Officers linked to the disappearance of a Kenyan and two Indians last year will spend Christmas and New Year behind bars.
This is after the High Court in Kiambu suspended the ruling allowing the 15 officers drawn from the Directorate of Criminal Investigations (DCI), Kenya Wildlife Services (KWS) and National Intelligence Services (NIS) to be out on bail.
Kahawa Law Courts magistrate Gideon Kiage had released the officers on Sh3 million bond or Sh1 million cash bail after they denied forceful disappearance charges.
Their lawyers Wandugi Kirathe, Martina Swiga, Clinton Mwale, and Joel Isoe told the court that the case involved civil servants who had complied and assisted with the investigations.
However, Justice Dola Chepkwony suspended the orders until January 16, 2024. This means any officer who had paid bail and was out will be re-arrested or ought to surrender himself for detention.
"An order of stay of the ruling of Hon Kiage delivered on November 10, 2023, admitting them to bond is granted pending determination of this application,” ruled Justice Chepkwony.
In the application, Director of Public Prosecution (DPP) Renson Ingonga argued that the lower court erred by granting bail as there was evidence to show the case against the officers was serious.
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On behalf of Ingonga, senior assistant DPP, Michael Sang alongside principal prosecution counsel Allen Mulama argued that there was also evidence from investigators that the officers would intimidate witnesses who are to testify against them.
"The decision of the trial court is legally and factually erroneous as the same went against the express and uncontroverted evidence as adduced by the investigating officer under oath as regards ongoing interference of witnesses which effectively puts at limbo the prospects of securing justice for the victims of the abduction and their families,” Sang told the court.
The court heard that allowing the officers to be out while the case was being processed would be putting the security of the intended witnesses at grave risk.
Following a year of investigations, the DPP pressed 17 charges on the enforced disappearance of Mohamed Zaid Kidwai, Zulfiqar Khan, and driver Nicodemus Mwania in July last year.
Those charged were Chief Inspector Peter Muthee, Inspector James Kibosek, Corporal Joseph Kamau, Corporal David Chepchieng, Corporal Joseph Mwenda, Corporal John Mwangi, and Corporal Hillary Limo.
Others include Constable Stephen Luseno, Simon Muhuga, Paul Njogu, Elikana Njeru, Boniface Otieno, Fredrick Thuku, John Wanjiku and Michael Kiplangat.
The DPP urged the court to order the 15 to be remanded as the trial proceeds citing witness interference and the weight of the charges.
However, the magistrate said the charge of enforced disappearance was not a reason to detain the officers.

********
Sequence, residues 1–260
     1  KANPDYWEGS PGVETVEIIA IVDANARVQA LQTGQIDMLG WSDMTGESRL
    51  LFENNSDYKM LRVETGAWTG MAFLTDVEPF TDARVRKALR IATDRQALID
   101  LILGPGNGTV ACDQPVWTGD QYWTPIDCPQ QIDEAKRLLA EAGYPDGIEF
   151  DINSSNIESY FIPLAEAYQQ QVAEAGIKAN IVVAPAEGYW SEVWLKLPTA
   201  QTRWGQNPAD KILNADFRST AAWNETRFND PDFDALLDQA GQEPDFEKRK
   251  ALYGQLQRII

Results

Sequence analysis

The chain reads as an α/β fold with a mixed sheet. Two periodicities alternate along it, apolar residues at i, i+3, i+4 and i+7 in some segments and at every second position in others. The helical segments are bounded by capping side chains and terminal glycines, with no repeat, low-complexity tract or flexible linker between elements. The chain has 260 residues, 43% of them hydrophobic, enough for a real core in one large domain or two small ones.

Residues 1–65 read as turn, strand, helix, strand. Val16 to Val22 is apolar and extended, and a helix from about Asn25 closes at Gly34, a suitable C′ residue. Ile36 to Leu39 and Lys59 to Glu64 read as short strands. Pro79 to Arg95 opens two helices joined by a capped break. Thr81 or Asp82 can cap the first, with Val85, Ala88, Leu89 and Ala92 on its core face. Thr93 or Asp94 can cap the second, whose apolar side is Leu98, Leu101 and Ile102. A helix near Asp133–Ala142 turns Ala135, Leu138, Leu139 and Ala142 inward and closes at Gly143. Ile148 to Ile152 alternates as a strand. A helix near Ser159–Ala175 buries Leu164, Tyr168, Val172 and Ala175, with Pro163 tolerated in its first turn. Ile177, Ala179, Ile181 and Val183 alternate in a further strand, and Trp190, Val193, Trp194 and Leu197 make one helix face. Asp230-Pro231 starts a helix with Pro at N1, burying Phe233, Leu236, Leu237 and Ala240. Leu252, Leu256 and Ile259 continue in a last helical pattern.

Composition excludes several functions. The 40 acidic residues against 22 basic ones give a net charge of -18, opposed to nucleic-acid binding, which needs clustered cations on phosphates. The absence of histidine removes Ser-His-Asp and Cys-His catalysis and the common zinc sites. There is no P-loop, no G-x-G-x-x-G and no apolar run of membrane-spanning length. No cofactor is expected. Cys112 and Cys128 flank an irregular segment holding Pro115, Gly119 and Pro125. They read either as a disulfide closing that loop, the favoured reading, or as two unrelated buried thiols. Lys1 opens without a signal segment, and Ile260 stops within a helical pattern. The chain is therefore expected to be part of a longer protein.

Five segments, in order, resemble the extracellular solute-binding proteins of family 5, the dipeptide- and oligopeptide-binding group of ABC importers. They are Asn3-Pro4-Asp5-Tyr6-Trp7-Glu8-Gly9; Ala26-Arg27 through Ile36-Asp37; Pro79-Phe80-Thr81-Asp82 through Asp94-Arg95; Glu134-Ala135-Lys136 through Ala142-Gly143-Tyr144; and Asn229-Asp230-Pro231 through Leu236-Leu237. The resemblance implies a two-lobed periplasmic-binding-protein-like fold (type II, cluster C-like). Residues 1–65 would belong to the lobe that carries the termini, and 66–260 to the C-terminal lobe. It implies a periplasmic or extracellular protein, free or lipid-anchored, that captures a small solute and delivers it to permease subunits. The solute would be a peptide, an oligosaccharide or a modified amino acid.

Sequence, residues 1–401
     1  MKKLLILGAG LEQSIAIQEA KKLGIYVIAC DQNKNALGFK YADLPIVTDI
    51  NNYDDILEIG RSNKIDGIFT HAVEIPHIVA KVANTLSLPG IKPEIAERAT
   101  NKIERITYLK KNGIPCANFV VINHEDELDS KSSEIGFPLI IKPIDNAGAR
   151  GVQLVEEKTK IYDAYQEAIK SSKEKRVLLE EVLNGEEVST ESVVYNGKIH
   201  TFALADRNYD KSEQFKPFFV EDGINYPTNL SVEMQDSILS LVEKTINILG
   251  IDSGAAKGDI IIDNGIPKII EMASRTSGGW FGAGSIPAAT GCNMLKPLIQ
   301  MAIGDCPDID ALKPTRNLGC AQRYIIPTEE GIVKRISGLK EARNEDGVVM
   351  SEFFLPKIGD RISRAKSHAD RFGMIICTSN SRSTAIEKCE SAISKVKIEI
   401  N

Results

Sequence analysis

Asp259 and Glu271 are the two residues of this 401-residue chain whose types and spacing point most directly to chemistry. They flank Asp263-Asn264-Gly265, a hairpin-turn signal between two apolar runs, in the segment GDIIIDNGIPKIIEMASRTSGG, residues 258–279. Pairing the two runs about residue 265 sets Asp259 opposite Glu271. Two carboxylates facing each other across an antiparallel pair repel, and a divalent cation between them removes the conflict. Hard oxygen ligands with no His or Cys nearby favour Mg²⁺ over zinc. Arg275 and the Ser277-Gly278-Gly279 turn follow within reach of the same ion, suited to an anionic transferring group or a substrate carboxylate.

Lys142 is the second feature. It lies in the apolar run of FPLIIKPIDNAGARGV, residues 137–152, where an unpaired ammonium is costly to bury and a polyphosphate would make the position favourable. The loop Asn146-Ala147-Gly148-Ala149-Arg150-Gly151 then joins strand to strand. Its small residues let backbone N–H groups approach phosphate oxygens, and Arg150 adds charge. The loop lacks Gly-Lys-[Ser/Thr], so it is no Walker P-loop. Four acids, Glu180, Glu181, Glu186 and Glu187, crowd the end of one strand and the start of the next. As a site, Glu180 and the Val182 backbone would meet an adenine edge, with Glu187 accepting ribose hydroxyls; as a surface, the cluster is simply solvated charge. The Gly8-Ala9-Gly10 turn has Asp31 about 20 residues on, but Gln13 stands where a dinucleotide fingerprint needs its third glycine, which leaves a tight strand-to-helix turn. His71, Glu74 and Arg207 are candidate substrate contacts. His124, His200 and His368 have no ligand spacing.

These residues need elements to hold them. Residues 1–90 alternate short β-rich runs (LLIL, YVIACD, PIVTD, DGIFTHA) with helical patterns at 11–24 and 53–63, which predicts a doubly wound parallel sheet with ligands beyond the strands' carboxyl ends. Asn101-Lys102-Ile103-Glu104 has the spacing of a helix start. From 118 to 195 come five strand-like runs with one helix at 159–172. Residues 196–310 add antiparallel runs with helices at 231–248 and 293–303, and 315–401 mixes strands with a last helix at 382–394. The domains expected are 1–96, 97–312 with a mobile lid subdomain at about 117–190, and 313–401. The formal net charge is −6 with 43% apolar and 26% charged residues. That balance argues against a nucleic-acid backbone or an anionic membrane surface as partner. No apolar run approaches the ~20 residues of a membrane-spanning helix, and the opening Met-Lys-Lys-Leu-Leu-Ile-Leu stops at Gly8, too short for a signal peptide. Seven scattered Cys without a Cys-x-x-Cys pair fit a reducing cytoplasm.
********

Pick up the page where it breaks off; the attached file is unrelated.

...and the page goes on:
He asserted that all the suspects were aware that they were being investigated over the disappearance of the three for over a year.
According to him, the officers did not flee or try to evade the process before they were charged.
"I am not persuaded that the preferment of charges has changed the circumstances. The accused persons have been aware about the investigations and they have been aware that they were implicated,” said Kiage.
The court also threw out the DPP’s argument that the officers were likely to interfere with the witnesses.
The DPP had argued that the officers had threatened the investigations team and had met in order to scuttle the case.
However, Kiage said that the claims were from third parties adding that they were not backed up with specific instances and evidence to prove the allegation.
“Unfortunately, I find the same is replete with allegations from third parties. The same are broad and general,” he observed.
In the case Muthee, Kibosek, Kamau, Chepcheing, Luseno, Muhuga and Wanjiku were charged with 13 counts, including abduction with intent to murder.
It was alleged the nine officers serving in the defunct Special Services Unit (SSU) of the DCI, intercepted a vehicle that Mwania was driving and bundled the three occupants into another vehicle.
Further, they allegedly held Kidwai, Khan, and Mwania at Old Nairobi Area Police Headquarters SSU offices before the trio disappeared.
The other four counts involved the 15. According to the State, the officers jointly caused the disappearance of the three at the Aberdares National Park in Nyeri County.
They were also accused of subjecting the three to inhumane and degrading treatment. Muthee faced a separate count of forgery.
It was claimed he forged a vehicle work ticket serial number Q261311 for July last year.
The prosecution however told the court that the State had decided to release Francis Mwendo Ndonye unconditionally after investigations vindicated him.
The lawyers argued that the charges were mere allegations.
The High Court will mention the case on January 16, 2024.